Clinical Course

These lesions, also called senile warts and seborrheic nevi, are very common on the backs and faces of elderly persons. Upon the face they usually develop upon the temples, or sides of the face, or near the midline, especially upon thfe nose. They develop slowly, first appearing as minute yellowish, somewhat scaly, patches, usually roughly oval in shape, and varying in length from 2 to 20 mm. A little later the follicular openings can be recognized as black spots, and still later there is the development of a thick, closely adherent black scale. At first the lesions are but little elevated above the skin level, but later become distinctly so. Itching is rare. The later course has been recently carefully studied by Sutton.7 He concludes that there are three types of advanced lesions- namely, the keratotic, the nevoid, and the verrucose. The keratoid is usually small and is covered with a hard, dark crust. The nevoid approaches the type described by Unna, and appears as a soft, yellowish lesion, with but little horny thickening, while the verrucose lesions have a thin, yellowish crust, which when removed shows a distinctly warty or verrucose condition beneath. None of these lesions disappear spontaneously.

*Engman and Buhman: Medical Herald, 1913, 277.

*Bevan: Quoted by Bloodgood, Progressive Medicine, Dec, 1904, 175. * Bloodgood: Progressive Medicine, Dec, 1904, 175.

*Sutton: Jour. Amer. Med. Assn., 1915.


Histologically, these lesions have been studied by Pollitzer,* Unna,* Hartzell,* Fordyce,* Sutton and others. The following account is taken from Sutton's description. The keratoid variety is characterized by great corneus hypertrophy, some parakeratosis, a moderate degree of acanthosis, slight proliferative changes in the germinal layer, with some flattening of the papillary bodies.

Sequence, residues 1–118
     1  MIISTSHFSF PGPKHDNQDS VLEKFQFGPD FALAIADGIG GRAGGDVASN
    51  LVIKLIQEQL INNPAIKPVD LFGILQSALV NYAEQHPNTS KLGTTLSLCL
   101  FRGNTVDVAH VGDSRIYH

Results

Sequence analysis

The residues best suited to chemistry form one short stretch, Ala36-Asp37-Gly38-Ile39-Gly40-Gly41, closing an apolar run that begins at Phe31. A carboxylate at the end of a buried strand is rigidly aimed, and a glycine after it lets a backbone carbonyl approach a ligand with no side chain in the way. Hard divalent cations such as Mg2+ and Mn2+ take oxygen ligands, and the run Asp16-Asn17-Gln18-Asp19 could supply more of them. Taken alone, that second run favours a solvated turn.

a fungous cancer

Fig. 3.-This illustration shows a fungous cancer, which sprang from a seborrheic keratosis, similar to the ones upon the cheek and nose. (Sutton's collection).

The sweat ducts are dilated and cysts may be formed. The sebaceous glands are normal, but contain much free fat. The blood vessels of the corium are dilated, and there is some infiltration of the subpapillary portion, with small round and fixed tissue cells.

The nevoid type showed changes similar to those described by Unna in his "nevus seborrheoicus"-that is, but little change in the epithelium, although there is some slight parakeratosis, but a marked increase of pigmentation in the derma, together with dilatation of the blood vessels, and a heavy infiltrate, with round or polygonal cells that resemble nevoid cells. The glandular elements are but little altered.

*Pollitzer: Monatshefte f. prakt. Dermat., 1890, xl, 145. ĽUnna: Histopathology of the Skin (Walkers translation). "Hartzell: Jour. Cutan. Dis., 1903. "Fordyce: Jour. Amer. Med. Assn., 1910, lv, 1624.

The verrucose form is distinguished by considerable hyperkeratosis, very pronounced acanthosis, active proliferative changes in the germinal layer and also at times in other portions of the rete, and most especially by great papillary hypertrophy. The cutis shows changes of a subacute inflammatory nature.

Malignant Degeneration

Basal-celled^eancers are very prone to develop upon these lesions when they are situated upon the face, and occasionally a prickle-celled cancer develops in this situation. When these lesions develop upon the hands, prickle-celled cancer is a common result. The first malignant change noted is a slight ulceration, accompanied by a serous discharge. This ulceration slowly spreads and there is an increase in the induration. It is highly probable that nearly five percent of all these keratoses, especially those of the keratoid variety, terminate in carcinoma.


In the early stage these growths are easy to remove. The crust can be removed by an ointment of salicylic acid, and carbon dioxide snow applied to the base for thirty seconds with firm pressure. Another way is to curette off the scale and then use silver nitrate. When a heavy crust has once formed, treatment must be more radical, and the growth should either be excised or treated with the actual or electric cautery. If there is any suspicion of malignancy, operation must be extensive.